Hammer toe can be genetic, caused by wearing too tight shoes, the result of the presence of a bunion, from a neurological cause, from rheumatoid or other types of arthritis, overuse and ligament damage or simply be the particular shape of your foot.
Non-surgical methods of treatment should always be considered before surgery. Orthotics and insoles may be an option to assist with pain under the ball of the foot; taping or strapping the toe may prevent ligament damage; silicone sleeves or padding over the toe may cushion it and an appropriate wide and roomy shoe selection will prevent further pressure.
If these measures fail to work then surgery can be performed to straighten the toe.
Surgery can involve a number of small procedures depending on the problem. Usually the bent knuckle in the middle of the toe will need to be straightened and possibly fused. This is performed as day surgery unless it is combined with treatment for a bunion or other problems which may require an overnight stay.
You may require a pin in the toe which is left 5mm outside the toe and removed after 4-6 weeks. Removal of the pin is straightforward and takes just a few seconds with no need for anaesthetic. Sometimes a dissolvable pin or internal pin can be used instead. Other adjustments include lengthening tight tendons or shortening the Metatarsal head (knuckle bone at the bottom of the toe joint).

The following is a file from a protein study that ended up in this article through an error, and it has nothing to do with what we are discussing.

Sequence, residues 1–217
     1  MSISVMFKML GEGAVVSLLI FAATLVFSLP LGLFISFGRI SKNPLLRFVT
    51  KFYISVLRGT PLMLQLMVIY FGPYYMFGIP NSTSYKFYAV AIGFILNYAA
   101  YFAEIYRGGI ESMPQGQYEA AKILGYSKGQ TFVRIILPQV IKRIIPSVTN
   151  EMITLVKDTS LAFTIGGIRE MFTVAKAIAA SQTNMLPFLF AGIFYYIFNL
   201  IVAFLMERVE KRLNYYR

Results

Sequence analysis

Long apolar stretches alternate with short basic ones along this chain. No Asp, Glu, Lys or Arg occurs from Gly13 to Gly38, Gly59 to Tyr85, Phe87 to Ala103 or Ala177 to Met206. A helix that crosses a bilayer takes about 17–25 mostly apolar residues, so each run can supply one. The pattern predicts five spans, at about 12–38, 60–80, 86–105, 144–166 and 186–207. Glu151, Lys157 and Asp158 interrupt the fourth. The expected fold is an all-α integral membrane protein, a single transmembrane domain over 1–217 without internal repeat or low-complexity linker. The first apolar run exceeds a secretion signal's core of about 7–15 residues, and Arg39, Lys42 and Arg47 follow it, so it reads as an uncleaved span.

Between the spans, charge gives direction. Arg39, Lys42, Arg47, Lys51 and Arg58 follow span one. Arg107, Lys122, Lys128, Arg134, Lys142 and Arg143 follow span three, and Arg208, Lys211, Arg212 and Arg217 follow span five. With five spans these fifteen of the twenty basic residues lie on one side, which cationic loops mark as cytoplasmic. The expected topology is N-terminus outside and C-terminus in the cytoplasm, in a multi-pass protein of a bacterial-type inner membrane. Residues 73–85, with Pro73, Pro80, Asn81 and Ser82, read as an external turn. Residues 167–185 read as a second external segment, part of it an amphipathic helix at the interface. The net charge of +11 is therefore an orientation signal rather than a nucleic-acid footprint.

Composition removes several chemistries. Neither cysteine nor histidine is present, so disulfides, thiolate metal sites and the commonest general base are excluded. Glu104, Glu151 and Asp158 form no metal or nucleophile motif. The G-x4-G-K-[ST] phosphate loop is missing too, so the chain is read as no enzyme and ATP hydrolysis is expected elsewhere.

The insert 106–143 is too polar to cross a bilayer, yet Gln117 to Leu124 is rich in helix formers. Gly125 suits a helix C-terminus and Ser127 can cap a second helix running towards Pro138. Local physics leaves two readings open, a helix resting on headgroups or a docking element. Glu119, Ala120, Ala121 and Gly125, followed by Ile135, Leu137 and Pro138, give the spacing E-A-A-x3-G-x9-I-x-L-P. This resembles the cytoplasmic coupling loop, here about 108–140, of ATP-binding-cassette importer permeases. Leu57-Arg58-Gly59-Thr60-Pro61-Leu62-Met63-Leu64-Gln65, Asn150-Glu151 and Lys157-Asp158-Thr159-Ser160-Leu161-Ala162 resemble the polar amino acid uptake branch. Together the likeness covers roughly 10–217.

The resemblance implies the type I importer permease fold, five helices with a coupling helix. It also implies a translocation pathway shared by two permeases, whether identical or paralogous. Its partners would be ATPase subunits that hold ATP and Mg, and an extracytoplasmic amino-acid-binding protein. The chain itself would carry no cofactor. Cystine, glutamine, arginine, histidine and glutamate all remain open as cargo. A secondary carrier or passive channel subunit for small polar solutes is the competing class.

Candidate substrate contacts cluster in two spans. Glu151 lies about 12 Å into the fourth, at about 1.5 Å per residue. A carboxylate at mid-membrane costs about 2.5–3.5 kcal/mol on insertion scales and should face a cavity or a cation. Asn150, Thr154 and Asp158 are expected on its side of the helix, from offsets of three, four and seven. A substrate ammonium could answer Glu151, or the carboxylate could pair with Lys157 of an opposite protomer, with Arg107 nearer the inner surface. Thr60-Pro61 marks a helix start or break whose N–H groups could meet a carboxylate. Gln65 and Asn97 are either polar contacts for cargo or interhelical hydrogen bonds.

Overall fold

Weight bearing is allowed in a post-operative sandal. Elevation is required for 5-7 days and you can expect to be mostly recovered by 4-5 weeks once the bones are healing. The toe can remain swollen for several months however it will recover.
Some stiffness may occur in the toe following surgery. This is normal and cannot be helped as the previous damage cannot be fully corrected. However the toe will be straighter and more comfortable.
Plantar fasciitis is a common inflammation of the heel bone. It is a result of a repetitive strain/tear and repair of the fascia from traction that has worn it out. The plantar fascia runs along the length of the sole of the foot and assists in maintaining the inner arch. Like an elastic band left in the sun it can lose its stretch and develop many micro tears.
Heel spurs which form just beneath the plantar fascia, were originally thought to be the cause however it has been proven that they are NOT responsible and therefore don’t need to be removed. It is possible they form because of the inflammation in the soft tissue.
Initial treatment should include analgesics, anti-inflammatories, massage, the application of ice and exercises that stretch the fascia and strengthen the muscles. Cushioning heel pads and night splints may also help. Ultrasound and shock wave therapy and cortisone injections can also be considered.
If surgery is thought necessary it is performed either through an incision on the in-step of the foot.
|Hospital stay||Day surgery|
|Rest & elevation||7 days|
|Foot swelling||4 weeks|
Time off work
- Less pain
- Return to sport and every day activities
Complications are rare with this procedure although as with all surgery there can be a risk of infection, blood clots, nerve injury and a reaction to the anaesthetic.
- Persistence of pain
- Discomfort outer part of top of foot